Standing Water – lakes and ponds
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Standing Water – lakes and ponds Lakes result from either barriers to drainage or when depressions (or excavations) form along a drainage system Majority of lakes are found in glaciated areas and are formed by glacial action

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Standing Water – lakes and ponds

Lakes result from either barriers to drainage or when depressions (or excavations) form along a drainage system

Majority of lakes are found in glaciated areas and are formed by glacial action

Others are formed in river channels (oxbows), by geological faulting, volcanic action, or sea level changes


Beavers form ponds by blocking drainage and then excavating the basins and seal the dam with the mud they dig up—lakes and man-made reservoirs are formed in much the same way—excavation and impoundment.


Glacial lakes

The vast majority of lakes in the world occur in glaciated areas—74%


Glaciers can form lakes in the following ways:

Ice can impound the flow in a drainage system

The flow can be blocked by glacial till or moraines

Ice flow can scour or deepen a basin

Ice blocks in till can melt out to form a “kettle” or “pothole” which then fills up with seepage or surface flow


Moraine dams tributary stream

Moraine

Mountain glacier


Moraine

Glacier recedes

  • After the mountain glacier recedes a large lake can fill the scoured out valley.

  • The moraine damming the lake outflow maintains the level

Glacier

recedes



  • A Proglacial lake

  • A river is blocked by ice, usually from a large continental glacier

  • the water flowing toward the glacier forms a large lake at the glacier margin


Proglacial lakes

  • Following the retreat of the last

  • glaciation most of the Canadian landscape

  • was covered by proglacial lakes

  • Species tolerant of coldwater (salmonid

  • and coregonids) became very widespread.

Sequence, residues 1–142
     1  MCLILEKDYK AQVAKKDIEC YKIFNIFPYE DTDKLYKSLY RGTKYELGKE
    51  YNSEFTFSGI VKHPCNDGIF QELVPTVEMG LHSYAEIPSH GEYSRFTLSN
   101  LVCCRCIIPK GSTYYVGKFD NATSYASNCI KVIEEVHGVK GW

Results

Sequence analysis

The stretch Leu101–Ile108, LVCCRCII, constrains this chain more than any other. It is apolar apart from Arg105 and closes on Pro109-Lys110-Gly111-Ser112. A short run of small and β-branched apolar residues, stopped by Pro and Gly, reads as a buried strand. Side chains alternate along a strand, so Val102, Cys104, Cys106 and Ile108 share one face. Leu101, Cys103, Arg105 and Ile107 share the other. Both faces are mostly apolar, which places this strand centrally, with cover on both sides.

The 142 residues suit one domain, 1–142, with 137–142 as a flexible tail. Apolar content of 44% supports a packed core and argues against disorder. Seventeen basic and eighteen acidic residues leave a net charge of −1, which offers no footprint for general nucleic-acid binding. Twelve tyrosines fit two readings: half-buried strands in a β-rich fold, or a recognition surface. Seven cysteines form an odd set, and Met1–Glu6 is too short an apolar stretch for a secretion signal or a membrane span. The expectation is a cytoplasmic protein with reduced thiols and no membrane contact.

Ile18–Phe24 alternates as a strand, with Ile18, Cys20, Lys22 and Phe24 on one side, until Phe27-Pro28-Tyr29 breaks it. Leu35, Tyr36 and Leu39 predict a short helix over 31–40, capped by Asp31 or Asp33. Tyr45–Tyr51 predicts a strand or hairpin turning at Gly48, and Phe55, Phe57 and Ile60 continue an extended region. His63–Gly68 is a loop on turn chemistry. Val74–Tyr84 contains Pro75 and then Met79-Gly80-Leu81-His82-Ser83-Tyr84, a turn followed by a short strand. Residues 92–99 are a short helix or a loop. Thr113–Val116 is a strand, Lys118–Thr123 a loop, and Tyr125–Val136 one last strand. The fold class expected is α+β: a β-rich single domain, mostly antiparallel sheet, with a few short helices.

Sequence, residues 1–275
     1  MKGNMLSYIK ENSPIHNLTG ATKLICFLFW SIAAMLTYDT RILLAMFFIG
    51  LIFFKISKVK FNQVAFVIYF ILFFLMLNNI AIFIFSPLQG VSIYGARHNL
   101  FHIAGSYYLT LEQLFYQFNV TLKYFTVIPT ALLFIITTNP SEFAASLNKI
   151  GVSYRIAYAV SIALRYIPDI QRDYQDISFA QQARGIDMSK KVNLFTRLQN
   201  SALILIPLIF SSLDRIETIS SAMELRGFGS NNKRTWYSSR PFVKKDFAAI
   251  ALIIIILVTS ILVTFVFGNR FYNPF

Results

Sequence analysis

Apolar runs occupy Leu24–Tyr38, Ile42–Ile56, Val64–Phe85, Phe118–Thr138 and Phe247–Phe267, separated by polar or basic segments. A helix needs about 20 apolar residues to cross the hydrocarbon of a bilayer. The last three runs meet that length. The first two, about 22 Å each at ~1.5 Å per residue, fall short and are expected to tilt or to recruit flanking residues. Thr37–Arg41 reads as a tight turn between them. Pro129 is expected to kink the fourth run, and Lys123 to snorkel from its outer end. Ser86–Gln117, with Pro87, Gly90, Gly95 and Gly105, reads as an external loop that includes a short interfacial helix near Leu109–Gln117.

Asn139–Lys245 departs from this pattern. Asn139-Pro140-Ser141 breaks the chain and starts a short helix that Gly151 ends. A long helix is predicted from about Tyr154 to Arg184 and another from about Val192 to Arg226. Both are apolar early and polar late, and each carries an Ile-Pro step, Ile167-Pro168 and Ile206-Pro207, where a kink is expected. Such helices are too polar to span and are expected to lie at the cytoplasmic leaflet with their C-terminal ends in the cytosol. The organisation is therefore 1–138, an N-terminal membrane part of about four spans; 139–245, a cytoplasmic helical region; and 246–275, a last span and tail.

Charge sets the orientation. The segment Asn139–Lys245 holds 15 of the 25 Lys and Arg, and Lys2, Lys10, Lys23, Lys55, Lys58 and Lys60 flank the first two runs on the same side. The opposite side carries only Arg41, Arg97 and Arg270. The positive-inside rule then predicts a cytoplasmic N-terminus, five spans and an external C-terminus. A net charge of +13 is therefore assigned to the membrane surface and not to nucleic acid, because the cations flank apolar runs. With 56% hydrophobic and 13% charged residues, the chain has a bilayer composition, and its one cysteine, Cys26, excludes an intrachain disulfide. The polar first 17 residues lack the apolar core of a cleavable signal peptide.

• Opportunities for dispersal of

  • cool and warmwater species were much more limited

  • because these water bodies disappeared with the ice.


Proglacial lakes in southwestern Alberta and Montana (around 12,000 Bp)

western extent of the continental glacier

Probable Waterton glacial lake at the height of the Wisconsin glaciation

>12,000 yr bp.

Present Waterton lakes

This lake would have been fed by the all of the tributaries of the Oldman system

This lake probably served as a major refugium from which fish and invertebrates colonized the SSRB, after the ice age.

Genetic studies indicate that many lake trout populations across western Canada came from this glacial refugium

Eastern extent of the cordilleran glaciers


Waterton Lakes have a similar origin—Both Waterton and Memphremagog have contain glacial relict animal species in their deep waters.


Freshwater mysid shrimp are important glacial relicts and have a restricted range because of this.

They have been introduced to many lakes because fisheries managers thought that this would improve fisheries yields

This has largely backfired because Mysis tends to compete with epilimnetic zooplanktivorous fish, and because of their vertical migrations are difficult for these fish to consume.

Most of the mysids for the introductions to other western lakes came from Upper Waterton Lake


Cirque lakes in the rockies have a restricted range because of this.

  • Glaciers in headwater valleys tend to scour out a bowl shaped basin and the excavated material forms a moraine at the lake outflow that maintains the lake level after the glacier has receded.

  • Drainage in Moraine lake was further impeded by a large landslide across the outflow

  • Most cirque lakes are fishless unless stocked


Pothole or kettle lake formed in glacial --usually small < 30 ha, but can be quite deep--10-40 m. Watersheds are very small.

  • Large blocks of ice left behind in moraines and till mounds as glaciers melt and grow “stagnant”.

  • As they gradually melt, they leave behind a depression in the till that fills by seepage

  • Many of the small pothole lakes in Alberta are kettle lakes.


Kettle Lake formation 30 ha, but can be quite deep--10-40 m. Watersheds are very small.

  • A Block of ice from a retreating glacier buried in glacial till

  • As the ice melts over hundreds of years, a depression is left behind in the till

  • If the water table is high enough the depression will fill with water forming a kettle lake or bog

  • Such basins are very common on glaciated landscapes


Another type of basin associated with ice melting. 30 ha, but can be quite deep--10-40 m. Watersheds are very small.

Polygonal ponds near the Lena River, Russia

Polygon ponds form along the Arctic coastal lowlands.

Form in the summer as wedges of ice melt within the permafrost to form small

polygonal basins (around 50 m across) that fill up with surface water.

See Fig. 6.2 in your text


Most of the large and old lakes in the world are Tectonic lakes

Many occupy ancient basins called grabens—formed by large geological faults

Rocks before faulting

Lake in a symmetrical graben

Lake in a tilted graben


Lake Baikal—one of the most famous tectonic lakes in the world, has existed for over 20 million years


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